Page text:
Crump was born in Richmond about 1838 and was the son of Johanna Crump (whose maiden name is unknown) and Josiah Crump, who was later said to have been the only African American in Richmond to run a hotel for white customers. Whether Crump was born free or enslaved is unclear, and records pertaining to his early life are scarce. By 1860 he was free, residing inwith his mother and stepfather, James Robinson, and working with the latter as a teamster. After Robinson’s death, Crump ran wagons and hauled freight until 1871, by which time he was working as a clerk in the Richmond post office. The city’s postmaster, , was a leader of the city’s Republican Party, and Crump’s appointment likely indicates that he had begun taking part in Republican Party politics. He purchased his first property in Richmond in October 1872 and thereafter owned one or two lots and houses in the city.
In 1870 and 1875 Crump attended conventions organized to advance the interests of African American laboring men in Richmond. In May 1876 he won election to Richmond’s bicameral city council. He represented Jackson Ward on the board of aldermen from 1876 to 1884 and again from 1888 to 1890. Crump sat on committees that were important to his constituents, such as the Committees for the First and Second Markets, as well as the Committees on the Police and on Streets, to which African American members usually were appointed. He also served on the Committee on Ordinances, a rarity for a black alderman, and on relatively less-prestigious committees including those on Public Grounds and Buildings and on Claims and Salaries.
Crump and other African American community leaders succeeded in many ways in protecting or improving the lives of their constituents in spite of opposition from a whitemajority that was usually united. Even during the growing racial hostility of the 1880s and 1890s, Crump and his colleagues established a night school for adults, provided fuel for poor residents, made improvements to streets and installed better lighting, and ended the practice of grave-robbing by which medical schools obtained African American cadavers for dissecting laboratories. Such achievements were not matched until the post–World War II generation of civil rights pioneers.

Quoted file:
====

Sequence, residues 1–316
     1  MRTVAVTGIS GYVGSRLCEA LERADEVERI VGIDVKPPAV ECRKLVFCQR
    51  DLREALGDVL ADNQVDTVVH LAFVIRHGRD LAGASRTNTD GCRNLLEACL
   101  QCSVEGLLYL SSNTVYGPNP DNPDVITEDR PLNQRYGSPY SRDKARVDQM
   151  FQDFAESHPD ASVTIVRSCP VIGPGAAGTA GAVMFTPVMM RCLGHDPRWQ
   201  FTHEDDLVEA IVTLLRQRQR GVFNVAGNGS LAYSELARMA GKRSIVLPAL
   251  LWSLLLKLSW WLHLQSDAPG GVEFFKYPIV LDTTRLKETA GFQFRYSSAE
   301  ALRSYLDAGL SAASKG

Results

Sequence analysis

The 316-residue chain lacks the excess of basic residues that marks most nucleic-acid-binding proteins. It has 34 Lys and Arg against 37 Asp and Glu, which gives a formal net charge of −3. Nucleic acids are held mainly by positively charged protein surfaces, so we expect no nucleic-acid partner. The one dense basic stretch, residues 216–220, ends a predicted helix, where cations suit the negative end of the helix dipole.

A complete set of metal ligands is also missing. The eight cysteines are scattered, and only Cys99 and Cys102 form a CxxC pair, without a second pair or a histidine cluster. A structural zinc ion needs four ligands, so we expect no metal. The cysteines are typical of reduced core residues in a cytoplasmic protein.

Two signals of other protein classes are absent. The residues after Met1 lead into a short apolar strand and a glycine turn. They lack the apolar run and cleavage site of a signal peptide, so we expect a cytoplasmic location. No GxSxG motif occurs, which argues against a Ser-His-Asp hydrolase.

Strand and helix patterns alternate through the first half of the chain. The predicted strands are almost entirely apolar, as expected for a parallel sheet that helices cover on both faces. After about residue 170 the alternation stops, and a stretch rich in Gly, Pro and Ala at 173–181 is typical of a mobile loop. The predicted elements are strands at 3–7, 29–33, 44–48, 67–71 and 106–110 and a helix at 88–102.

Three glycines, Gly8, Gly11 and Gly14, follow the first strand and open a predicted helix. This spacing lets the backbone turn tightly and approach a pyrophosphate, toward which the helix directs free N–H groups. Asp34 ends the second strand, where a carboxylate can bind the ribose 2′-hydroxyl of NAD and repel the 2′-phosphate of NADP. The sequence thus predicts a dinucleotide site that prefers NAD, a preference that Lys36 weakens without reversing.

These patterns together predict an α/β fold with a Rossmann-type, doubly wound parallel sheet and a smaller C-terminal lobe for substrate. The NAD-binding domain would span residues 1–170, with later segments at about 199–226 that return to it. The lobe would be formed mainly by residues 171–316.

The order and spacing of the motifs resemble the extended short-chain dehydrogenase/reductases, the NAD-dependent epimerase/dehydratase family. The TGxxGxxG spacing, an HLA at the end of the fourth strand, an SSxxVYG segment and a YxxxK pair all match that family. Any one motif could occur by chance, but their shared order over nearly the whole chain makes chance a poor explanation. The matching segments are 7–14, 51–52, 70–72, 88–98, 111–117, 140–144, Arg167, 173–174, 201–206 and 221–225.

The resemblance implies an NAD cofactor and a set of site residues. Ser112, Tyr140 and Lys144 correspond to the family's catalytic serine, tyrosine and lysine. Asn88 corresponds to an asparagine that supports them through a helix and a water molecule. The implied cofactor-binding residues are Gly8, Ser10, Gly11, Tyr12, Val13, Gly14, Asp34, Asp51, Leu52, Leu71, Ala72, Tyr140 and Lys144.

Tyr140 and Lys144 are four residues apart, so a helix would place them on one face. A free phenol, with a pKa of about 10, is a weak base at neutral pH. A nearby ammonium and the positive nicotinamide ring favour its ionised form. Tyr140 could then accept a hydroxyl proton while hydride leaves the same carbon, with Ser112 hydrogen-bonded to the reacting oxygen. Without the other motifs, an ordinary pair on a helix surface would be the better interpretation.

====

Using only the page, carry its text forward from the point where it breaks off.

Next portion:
Crump served as a member of the Republican State Committee in 1880. A loyal supporter of, he was one of 306 delegates at that year’s Republican National Convention in Chicago, Illinois, who tried to nominate Grant for a third term as president. Like many other politically active African Americans, Crump supported the , who proposed to refinance and reduce the principal and interest rate on Virginia’s large . At the 1881 Republican State Convention, he was elected temporary chair of the faction that successfully pushed for a coalition with the Readjusters.
In 1882 theappointed Crump to a two-year term on the board of the Central Lunatic Asylum, in Petersburg, the state’s first black mental hospital. Crump was the board’s president pro tempore, a member of the executive committee, and briefly acting president when the presiding officer resigned in January 1883. Throughout the 1880s Crump offered advice on local politics and patronage policy to , the Readjuster leader who joined the Republican Party while a member of the U.S. Senate from 1881 to 1887.
Crump may have lived with his mother until he married Fernella Meriweather, a member of a prominent middle-class African American family, on December 19, 1883. They had two daughters and one son. Sometime after his marriage Crump joined Saint Philip’s Episcopal Church. He lost his job as a postal clerk after a Democrat won the presidential election in 1884, and late in the 1880s he operated a grocery near his home. A member of Davis Fountain 106, Grand Fountain United Order of True Reformers, he was also a captain in the Attucks Guard, one of the city’s black militia companies.
Crump died of pyaemia, a form of blood poisoning, at his Richmond home on February 15, 1890. He had won respect in both the black and white communities in the increasingly segregated city. Richmond’s aldermen passed resolutions of mourning that praised their former colleague as “one of the most active and zealous members of the Board who by his courteous and kind bearing won the esteem and good will of his fellow members, … who was always faithful and conscientious in the discharge of his duties to his constituents, and who was ever watchful of the interests of the city.” Many aldermen and common council members joined a crowd estimated at 5,000 to 6,000 in paying their respects to Crump and riding in the procession to the funeral service at the Third Street African Methodist Episcopal Church. (His own church had been too small for the throngs of people expected to attend.) Crump was buried in Union Mechanics Cemetery.